1. Excellent reconnoitering and observational skills there, KiR. This might be a good place to start a “Let’s Help Maria Valle Get Some Satisfaction” collection plate, should she decide to pursue her past loss against Lydia.

      Maria’s too much of a lady, but I turn purple and say bad words every time she talks about it.

      Lydia is now emboldened–and dangerous.

  8. Now it gets interesting … this is the time also when absentee ballot holders get phone calls. “Hi this is the campaign for mayor headquarters, do you need help filling out your absentee ballot, we can go to your house with a sample and stamps.”

    Example: In a previous election for probate judge, Paul Ganim lost the popular vote rather substantially, but won the absentee balloting by 90%, giving him a lopsided election …

    1. That Probate Judge election was and still IS disgusting. I just don’t know how these people can look at themselves in the mirror. Has anyone seen the billboard on top of Matty’s Bar in Black Rock? It speaks volumes.

  10. yahooy:
    The operation you described is very expensive. It calls for hours of “work.” Lots can go wrong. EG: “Voter” is told to be “Smith.” Voter announces “Jones” at precinct. Precinct worker checks and says there is no Jones registered. “Voter” announces “I mean Miller.” It can go downhill from there.

    Absentee ballots got more popular than they should have been in the 1980s because it eliminated human error. You also knew how they were voted. (No tank jobs inside the polls. It could happen.) ABs allegedly went out of fashion after changes in state law were made in the late 1980s-90s. Some people seem to think they are back.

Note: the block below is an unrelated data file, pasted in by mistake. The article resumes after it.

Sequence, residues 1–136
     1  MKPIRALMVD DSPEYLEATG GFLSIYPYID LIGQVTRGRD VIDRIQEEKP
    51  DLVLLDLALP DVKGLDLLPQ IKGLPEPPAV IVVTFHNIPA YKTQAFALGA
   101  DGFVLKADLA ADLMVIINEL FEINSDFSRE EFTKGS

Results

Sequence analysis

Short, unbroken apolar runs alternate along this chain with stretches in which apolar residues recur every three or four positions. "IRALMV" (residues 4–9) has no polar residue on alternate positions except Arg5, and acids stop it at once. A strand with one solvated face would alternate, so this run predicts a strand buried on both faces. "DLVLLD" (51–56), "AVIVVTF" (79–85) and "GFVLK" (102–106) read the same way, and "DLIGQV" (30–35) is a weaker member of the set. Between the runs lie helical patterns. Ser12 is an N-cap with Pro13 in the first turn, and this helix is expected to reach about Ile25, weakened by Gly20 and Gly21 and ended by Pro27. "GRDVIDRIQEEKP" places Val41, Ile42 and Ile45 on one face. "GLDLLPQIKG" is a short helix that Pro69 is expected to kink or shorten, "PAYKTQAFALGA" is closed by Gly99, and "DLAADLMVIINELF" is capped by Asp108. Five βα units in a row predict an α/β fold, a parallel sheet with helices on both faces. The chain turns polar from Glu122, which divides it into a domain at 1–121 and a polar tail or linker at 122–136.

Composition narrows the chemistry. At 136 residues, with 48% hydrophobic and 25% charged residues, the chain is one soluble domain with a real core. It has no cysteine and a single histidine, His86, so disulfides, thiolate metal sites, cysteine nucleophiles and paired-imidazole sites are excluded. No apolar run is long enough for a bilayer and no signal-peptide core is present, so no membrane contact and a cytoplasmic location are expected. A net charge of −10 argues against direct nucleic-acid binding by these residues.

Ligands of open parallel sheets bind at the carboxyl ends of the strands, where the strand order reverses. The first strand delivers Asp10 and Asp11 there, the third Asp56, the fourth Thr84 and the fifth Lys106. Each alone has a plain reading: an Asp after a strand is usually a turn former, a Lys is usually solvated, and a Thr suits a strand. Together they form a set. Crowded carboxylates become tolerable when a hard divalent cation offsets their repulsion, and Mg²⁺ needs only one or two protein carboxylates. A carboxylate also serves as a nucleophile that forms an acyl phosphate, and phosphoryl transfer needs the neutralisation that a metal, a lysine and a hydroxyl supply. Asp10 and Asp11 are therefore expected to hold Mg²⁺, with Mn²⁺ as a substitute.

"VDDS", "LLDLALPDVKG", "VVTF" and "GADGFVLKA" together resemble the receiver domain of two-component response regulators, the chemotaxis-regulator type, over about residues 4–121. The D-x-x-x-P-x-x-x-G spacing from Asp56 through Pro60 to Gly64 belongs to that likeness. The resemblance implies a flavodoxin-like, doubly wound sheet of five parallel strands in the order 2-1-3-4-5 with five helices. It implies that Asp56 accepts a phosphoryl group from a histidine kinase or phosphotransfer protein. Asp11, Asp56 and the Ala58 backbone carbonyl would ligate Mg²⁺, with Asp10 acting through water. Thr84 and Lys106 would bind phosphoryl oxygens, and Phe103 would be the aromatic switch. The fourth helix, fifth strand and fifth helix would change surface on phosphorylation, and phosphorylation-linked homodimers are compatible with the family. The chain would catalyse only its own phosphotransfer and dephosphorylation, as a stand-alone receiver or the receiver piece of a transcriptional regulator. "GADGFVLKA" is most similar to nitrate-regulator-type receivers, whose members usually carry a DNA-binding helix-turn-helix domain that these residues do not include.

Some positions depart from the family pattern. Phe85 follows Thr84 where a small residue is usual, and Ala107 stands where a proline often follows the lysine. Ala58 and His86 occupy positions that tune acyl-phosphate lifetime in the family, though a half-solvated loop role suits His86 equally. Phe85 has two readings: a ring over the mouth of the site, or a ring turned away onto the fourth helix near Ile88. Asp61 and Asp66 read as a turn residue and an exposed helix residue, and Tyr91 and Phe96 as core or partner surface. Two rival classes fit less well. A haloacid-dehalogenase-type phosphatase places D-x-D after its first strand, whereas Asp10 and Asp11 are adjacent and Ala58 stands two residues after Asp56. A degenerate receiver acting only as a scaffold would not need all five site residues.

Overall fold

All I know is in Bridgeport back in the 1980s, ABs were like prescription medicine: good for the sick, but addictive as hell. Next thing you know a person is knocking over ballot boxes to get more.

  11. Maybe Callahan or Lennie can testify to the veracity of this story. I heard this about a Waterbury Dem from a Bridgeport Dem but I don’t know if it was told out of envy or a desire to protect the guilty.
    I was told there was a well-practiced politician whose specialty was in absentee ballot counting. (Are you listening up donj?)
    He would grow his fingernails long in anticipation of election day. Then he would break off the tips of the old No. 2 pencils and stick them under his nails.
    When he would open the envelope containing the ballots, if he saw the ballot was for the other team, he would quickly run his finger over the box for his man.
    He or a colleague would complain the voter had voted for both candidates and the ballot would be disallowed.